Now I realize and accept that some folks in other regions of the U.S. have different styles, different tastes, different educations and different approaches to delivering the message of the Gospel. But from a purely technical point of view, this page fails to convey its message in a variety of ways. Let me enumerate them for you, linking some to past articles. Feel free to add to the list.

  1. Get Real – Nothing says amateur hour like hosting your site on a “free service.” Especially when your “ministry page” is accompanied with a pop-up advertisement for a weekend of gambling and drinking in Las Vegas! Instead, go to GoDaddy.com and spend $8.95/year on a real domain name … then if you want, use their hosting services for $3.95 a month.
  2. Plan Diligently. Sit down and figure out on paper first, what your purpose is, who your audience is, what it is you’re trying to say/sell/convey. In this case, it would be the services of an evangelist, so we’re actually selling the individual.
  3. For God is not a God of disorder but of peace” – still working on paper, take your diligent plans and map out how your site is going to look. How the navigation is going to work. Don’t know how? Look at some successful sites and take a cue for a clue, such as the website for the Billy Graham Evangelistic Association . . . Better yet, buy a book on the subject.
  4. One of the other advantages of buying a book on the subject, is that hopefully it teaches you some useful technical tips. For example, today’s site once again reveals the common misconception /mistake that reducing the height and width attributes of the <IMG> tag physically reduce the physical size of the file. It does not.
  5. Holy Jesus Junk! – animated gifs of Bible do not make people read the Bible. Teaching them the beauty of Romans 10:9-10 might, but not kitchy gimmicks.
  6. Consistency, consistency, consistency – Especially color consistency – No one is attracted by noisy gongs or incessantly clanging cymbals. Avoid the temptation to employ multiple fonts of multiple colors, all in bold, all centered, all followed by exclamation points! What that says to most people is that your message is so lacking, that you feel you have to dress it up with gimmicks. Don’t do this to the Gospel. Trust me, it can stand on its own two feet . . . Instead, pick out a simple color scheme, and simple layout and let your compelling content do the talking. If you’re stuck, then break a vase and spend $25 on a template.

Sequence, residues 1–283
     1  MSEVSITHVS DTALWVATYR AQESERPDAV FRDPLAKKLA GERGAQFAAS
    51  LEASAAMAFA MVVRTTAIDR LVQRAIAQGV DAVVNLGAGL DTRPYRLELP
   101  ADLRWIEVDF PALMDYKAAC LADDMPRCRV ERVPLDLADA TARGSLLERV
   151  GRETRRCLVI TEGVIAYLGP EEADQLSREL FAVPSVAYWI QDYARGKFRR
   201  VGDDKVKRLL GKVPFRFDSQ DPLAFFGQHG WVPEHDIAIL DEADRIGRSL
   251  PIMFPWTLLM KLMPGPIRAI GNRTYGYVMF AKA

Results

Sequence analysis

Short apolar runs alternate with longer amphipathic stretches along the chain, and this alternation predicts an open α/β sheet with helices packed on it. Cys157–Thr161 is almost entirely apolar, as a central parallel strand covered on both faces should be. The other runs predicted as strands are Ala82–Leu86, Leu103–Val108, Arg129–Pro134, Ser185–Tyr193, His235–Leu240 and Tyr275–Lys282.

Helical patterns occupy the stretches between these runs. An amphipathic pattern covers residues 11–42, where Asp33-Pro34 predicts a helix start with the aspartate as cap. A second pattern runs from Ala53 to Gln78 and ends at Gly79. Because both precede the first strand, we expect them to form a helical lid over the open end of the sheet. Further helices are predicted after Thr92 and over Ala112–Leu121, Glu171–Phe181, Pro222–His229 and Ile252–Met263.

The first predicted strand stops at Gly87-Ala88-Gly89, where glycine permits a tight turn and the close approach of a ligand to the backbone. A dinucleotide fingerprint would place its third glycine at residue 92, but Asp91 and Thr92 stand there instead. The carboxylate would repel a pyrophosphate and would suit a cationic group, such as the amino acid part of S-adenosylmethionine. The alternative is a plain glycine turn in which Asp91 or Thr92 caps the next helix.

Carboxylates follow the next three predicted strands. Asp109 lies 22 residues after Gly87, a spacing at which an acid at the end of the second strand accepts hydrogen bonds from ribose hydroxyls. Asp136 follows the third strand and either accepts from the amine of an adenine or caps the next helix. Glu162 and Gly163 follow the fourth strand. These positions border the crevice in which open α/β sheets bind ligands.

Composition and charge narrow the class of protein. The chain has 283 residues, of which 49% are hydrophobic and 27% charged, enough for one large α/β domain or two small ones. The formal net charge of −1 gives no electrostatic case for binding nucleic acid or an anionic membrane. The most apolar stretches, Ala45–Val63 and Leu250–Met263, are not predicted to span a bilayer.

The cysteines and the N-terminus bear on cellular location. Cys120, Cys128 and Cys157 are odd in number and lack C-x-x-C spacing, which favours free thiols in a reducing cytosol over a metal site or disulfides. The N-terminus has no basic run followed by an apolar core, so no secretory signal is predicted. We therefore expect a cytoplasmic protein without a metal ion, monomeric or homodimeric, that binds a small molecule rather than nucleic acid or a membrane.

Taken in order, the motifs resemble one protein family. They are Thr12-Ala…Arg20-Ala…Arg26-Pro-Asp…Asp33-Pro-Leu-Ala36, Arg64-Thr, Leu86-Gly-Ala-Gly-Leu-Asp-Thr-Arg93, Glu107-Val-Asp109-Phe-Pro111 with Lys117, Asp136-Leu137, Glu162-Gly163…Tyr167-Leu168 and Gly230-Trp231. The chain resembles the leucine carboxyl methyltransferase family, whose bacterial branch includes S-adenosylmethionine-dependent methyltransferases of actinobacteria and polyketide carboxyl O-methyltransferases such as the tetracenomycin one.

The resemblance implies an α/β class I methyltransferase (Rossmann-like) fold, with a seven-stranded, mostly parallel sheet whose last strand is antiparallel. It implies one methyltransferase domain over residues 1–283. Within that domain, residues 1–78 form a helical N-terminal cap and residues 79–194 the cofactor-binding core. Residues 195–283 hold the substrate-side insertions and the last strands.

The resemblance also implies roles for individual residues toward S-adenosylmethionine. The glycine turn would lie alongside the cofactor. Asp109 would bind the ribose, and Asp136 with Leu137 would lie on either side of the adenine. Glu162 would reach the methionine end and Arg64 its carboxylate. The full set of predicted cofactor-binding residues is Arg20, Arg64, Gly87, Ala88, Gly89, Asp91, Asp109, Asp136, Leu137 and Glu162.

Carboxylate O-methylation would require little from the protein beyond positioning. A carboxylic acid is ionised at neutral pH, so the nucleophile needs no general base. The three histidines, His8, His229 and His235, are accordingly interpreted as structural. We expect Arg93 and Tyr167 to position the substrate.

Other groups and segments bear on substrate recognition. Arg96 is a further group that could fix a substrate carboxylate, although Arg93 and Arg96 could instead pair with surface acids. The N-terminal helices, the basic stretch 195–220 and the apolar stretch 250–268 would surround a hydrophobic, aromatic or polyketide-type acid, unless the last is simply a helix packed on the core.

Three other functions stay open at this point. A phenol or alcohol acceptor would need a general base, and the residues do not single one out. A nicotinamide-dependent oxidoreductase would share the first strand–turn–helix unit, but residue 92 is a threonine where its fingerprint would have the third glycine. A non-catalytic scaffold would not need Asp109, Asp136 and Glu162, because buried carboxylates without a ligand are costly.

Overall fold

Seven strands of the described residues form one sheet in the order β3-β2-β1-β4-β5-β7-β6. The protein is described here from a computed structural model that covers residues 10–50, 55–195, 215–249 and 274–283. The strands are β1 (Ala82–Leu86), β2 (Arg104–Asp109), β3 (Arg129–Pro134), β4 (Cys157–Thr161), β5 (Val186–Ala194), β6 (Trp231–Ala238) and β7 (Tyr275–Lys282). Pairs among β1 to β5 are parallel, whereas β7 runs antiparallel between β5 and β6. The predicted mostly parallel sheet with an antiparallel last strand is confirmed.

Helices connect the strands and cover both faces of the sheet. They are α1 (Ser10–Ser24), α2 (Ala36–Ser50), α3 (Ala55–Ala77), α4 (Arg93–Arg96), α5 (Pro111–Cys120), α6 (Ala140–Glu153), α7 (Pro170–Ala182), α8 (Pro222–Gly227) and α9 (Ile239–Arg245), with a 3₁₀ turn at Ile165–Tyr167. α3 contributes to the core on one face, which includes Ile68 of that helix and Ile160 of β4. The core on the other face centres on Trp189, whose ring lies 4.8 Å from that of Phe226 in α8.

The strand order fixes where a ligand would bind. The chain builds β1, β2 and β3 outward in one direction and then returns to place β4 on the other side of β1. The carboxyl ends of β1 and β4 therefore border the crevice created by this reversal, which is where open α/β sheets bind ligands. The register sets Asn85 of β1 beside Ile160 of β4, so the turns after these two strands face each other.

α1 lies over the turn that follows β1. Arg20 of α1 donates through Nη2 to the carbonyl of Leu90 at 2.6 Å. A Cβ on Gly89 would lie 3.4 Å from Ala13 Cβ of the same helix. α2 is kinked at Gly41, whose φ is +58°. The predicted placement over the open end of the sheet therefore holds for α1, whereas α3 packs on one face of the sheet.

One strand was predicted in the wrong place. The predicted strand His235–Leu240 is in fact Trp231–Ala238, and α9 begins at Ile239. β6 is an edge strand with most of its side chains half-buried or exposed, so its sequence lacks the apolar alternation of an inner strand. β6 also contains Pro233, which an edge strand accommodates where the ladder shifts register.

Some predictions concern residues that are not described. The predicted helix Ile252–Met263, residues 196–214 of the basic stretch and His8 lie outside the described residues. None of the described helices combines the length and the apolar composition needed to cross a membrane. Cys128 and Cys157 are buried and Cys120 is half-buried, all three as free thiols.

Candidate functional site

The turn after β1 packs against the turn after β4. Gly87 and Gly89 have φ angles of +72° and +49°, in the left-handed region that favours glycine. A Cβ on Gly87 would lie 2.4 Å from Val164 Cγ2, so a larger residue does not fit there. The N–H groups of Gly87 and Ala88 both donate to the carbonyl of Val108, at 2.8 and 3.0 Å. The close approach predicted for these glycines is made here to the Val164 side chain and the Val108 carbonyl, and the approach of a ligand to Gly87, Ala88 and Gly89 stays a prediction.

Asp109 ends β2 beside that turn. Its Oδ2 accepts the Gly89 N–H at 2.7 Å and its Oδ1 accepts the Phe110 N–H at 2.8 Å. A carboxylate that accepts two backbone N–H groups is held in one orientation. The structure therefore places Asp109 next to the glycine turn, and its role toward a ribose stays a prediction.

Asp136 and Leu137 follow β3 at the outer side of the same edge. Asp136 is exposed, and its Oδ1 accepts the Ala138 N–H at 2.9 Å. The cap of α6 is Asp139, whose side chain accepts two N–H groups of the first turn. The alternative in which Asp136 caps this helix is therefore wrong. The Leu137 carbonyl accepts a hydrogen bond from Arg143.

If nothing else, during this entire process, always, always, always keep in mind “It’s not just what you say…


  1. If he is selling in-your-face evangelism, then his website is definately representing the product. There are better ways. Worst offense is his testimony in all caps against a textured background. The only thing to be ‘saved’ is my time in not reading it.

  2. Since I have family in that locale, I think I understand the mindset. Let’s face it – he’s ministering to a limited, local populace. Honestly, for a wordwide, sophisticated audience, this site is clearly not sufficient. However, I can just hear my brother, who is from that neck of the woods (born and raised there, unlike his city kin – me – I have been there only a few times) saying, “That’s a nice website!”. He’s doing the best he can with what he has, and as far as the culture he is trying to reach (yes, they all have computers, believe it or not)they will think it’s just peachy keen.